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  • 2/19/2015

Gulf of Oman Coasts (Part 3)

gulf of oman coasts

At times, the Gulf of Oman and the Persian Gulf were considered as the Persian Gulf and the southeastern shores of Iran used to be called the Sea of Mokran and the Sea of Kerman. The Sea of Kerman was bounded by the Sea of Mokran on the east and putting behind Kish Island it included parts of the Persian Gulf. The Sea of Mokran stretched to the Sind River on the east and to the Sea of Kerman on the west. Apparently the southern extremes of these two seas used to be called the Gulf of Oman. Kerman Wharf on the Sea of Kerman was called Hormuz and Mokran Wharf on the Sea of Mokran was called Tiz. According to Afzal al-Din Kermani, Tiz Port and Mokran Wharf were called transcontinental port in a period marked before the invasion of the Mongols. It had trade relations with Egypt, Ethiopia, Zanzibar in Africa and with India, Sind in Central Asia and with Arab nations including Oman and also with the Island of Bahrain in the Middle East. During that period, Mokran exported goods such as sugar and sugar lump, musk, ambergris, velvet fabrics and other commodities to Tiz.

The Gulf of Oman is very important economically and geopolitically, since it is part of the sea route between the Persian Gulf and its oil-rich regions to Indian Ocean, Far East, Mediterranean Sea and Europe. According to the Oil Regulations passed in August 1957, the Iranian Plateau on the Gulf of Oman fell subject to the oil regulations like the Persian Gulf. Iranian Fisheries Co., too, has installations on the northern shores of the Gulf of Oman.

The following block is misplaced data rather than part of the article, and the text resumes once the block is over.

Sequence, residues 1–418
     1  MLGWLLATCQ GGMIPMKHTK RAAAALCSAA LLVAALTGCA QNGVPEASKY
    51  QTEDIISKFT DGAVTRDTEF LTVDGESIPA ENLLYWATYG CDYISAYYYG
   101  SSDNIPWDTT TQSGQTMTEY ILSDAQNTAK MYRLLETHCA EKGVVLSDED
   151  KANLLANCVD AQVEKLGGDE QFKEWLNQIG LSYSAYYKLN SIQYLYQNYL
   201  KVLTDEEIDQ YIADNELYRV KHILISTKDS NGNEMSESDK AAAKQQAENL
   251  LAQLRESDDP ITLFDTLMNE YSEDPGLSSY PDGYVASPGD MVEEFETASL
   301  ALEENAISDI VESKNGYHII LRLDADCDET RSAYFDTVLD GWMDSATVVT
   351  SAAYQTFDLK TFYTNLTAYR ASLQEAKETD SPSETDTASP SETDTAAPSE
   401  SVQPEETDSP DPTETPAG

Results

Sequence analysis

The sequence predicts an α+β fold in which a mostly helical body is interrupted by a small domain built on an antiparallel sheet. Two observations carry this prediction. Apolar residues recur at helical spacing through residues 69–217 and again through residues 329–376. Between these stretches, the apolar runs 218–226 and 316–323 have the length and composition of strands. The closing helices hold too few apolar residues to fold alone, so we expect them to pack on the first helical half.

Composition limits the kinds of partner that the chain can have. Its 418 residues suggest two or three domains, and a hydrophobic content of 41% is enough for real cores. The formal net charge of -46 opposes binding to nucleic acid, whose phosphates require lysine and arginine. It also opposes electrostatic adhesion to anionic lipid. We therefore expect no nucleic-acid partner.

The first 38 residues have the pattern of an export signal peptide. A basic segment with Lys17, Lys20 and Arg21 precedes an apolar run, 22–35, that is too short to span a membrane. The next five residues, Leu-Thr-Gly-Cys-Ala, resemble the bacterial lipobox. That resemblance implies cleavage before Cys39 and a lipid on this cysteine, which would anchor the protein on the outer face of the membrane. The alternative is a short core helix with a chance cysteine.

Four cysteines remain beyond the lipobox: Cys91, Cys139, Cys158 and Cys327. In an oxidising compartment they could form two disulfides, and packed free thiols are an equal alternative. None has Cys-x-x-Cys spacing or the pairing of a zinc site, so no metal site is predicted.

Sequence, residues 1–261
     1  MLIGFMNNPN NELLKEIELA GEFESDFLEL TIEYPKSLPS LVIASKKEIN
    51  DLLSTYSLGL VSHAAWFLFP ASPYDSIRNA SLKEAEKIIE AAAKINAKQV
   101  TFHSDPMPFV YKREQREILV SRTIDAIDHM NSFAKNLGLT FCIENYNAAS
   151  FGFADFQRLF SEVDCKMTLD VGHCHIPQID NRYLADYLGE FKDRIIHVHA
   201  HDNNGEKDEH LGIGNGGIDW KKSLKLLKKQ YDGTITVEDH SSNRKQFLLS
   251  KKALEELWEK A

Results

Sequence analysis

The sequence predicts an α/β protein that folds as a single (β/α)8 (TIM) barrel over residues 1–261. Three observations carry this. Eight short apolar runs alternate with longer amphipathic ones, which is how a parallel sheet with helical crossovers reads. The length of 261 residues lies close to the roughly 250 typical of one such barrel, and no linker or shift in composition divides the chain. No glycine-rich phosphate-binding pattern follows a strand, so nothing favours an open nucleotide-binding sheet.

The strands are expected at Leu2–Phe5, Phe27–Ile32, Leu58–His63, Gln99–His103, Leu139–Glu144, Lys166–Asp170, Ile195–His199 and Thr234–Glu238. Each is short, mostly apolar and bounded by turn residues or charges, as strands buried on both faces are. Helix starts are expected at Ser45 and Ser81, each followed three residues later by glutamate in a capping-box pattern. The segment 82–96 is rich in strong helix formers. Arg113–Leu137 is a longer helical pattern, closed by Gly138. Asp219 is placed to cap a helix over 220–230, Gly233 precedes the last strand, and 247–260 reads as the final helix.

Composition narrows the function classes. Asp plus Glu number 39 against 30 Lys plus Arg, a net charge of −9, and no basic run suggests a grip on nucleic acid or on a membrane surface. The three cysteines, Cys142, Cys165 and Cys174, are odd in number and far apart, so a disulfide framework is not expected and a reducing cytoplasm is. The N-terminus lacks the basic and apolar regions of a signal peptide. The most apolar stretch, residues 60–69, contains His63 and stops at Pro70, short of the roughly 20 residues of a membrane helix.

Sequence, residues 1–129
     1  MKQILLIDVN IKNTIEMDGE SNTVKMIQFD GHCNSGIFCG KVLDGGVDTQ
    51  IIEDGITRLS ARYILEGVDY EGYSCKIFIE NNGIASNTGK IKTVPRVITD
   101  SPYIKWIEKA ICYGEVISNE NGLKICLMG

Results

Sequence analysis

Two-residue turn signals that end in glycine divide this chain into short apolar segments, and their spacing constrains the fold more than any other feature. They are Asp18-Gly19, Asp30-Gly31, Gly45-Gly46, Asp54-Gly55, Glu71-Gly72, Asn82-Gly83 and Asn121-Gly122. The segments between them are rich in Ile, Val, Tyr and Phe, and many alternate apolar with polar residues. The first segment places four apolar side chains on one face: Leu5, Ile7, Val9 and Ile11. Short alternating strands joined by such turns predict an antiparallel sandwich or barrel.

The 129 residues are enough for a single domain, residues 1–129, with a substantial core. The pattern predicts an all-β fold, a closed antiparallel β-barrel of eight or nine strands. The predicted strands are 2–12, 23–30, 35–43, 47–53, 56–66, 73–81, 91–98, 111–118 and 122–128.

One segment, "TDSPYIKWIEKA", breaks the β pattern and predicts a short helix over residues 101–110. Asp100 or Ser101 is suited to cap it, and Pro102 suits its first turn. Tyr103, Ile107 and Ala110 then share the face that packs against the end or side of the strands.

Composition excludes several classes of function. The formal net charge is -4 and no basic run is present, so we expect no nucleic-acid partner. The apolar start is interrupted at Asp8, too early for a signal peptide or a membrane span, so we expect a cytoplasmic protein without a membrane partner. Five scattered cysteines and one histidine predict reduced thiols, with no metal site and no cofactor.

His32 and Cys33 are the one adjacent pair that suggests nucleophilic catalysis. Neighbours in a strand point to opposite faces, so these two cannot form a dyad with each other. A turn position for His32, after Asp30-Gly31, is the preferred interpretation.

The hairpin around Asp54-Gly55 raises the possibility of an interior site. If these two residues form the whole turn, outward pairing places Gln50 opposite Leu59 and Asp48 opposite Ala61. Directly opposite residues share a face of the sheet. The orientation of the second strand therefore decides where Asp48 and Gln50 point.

Archeological studies have unearthed prehistory relics on southern shores of Chabahar, Jask and Minab, located 200 meters below sea level, on northwest Konarak peninsula and on the shores of a river in the south of the village of Sadaij (almost 100 km northeast Jask) and 10 km off southeast Kuhestak (a village 48 km off southern Minab). The unearthed relics in Sadaij belong to some 6500 to 7500 BC and those found in Konarak belong to Middle Paleolithic or Middle Stone Age.

Translated by: Sadroddin Musawi       

Other links:

Laft Village

Gulf of Oman Coasts (Part 1)

Gulf of Oman Coasts (Part 2)

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